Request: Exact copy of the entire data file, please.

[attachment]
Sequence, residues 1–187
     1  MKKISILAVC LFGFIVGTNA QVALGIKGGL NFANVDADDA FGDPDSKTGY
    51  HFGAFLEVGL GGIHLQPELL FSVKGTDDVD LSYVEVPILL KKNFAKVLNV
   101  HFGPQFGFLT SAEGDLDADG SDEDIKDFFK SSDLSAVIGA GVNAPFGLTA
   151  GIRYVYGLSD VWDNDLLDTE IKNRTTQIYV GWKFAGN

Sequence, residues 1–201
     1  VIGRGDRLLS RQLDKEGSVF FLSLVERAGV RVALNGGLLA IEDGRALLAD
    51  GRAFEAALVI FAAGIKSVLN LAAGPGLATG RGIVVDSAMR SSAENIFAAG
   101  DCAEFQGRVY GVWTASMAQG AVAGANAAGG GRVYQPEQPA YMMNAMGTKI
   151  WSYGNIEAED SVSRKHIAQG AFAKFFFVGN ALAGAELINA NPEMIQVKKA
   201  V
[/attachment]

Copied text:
Sequence, residues 1–187
     1  MKKISILAVC LFGFIVGTNA QVALGIKGGL NFANVDADDA FGDPDSKTGY
    51  HFGAFLEVGL GGIHLQPELL FSVKGTDDVD LSYVEVPILL KKNFAKVLNV
   101  HFGPQFGFLT SAEGDLDADG SDEDIKDFFK SSDLSAVIGA GVNAPFGLTA
   151  GIRYVYGLSD VWDNDLLDTE IKNRTTQIYV GWKFAGN

Sequence, residues 1–201
     1  VIGRGDRLLS RQLDKEGSVF FLSLVERAGV RVALNGGLLA IEDGRALLAD
    51  GRAFEAALVI FAAGIKSVLN LAAGPGLATG RGIVVDSAMR SSAENIFAAG
   101  DCAEFQGRVY GVWTASMAQG AVAGANAAGG GRVYQPEQPA YMMNAMGTKI
   151  WSYGNIEAED SVSRKHIAQG AFAKFFFVGN ALAGAELINA NPEMIQVKKA
   201  V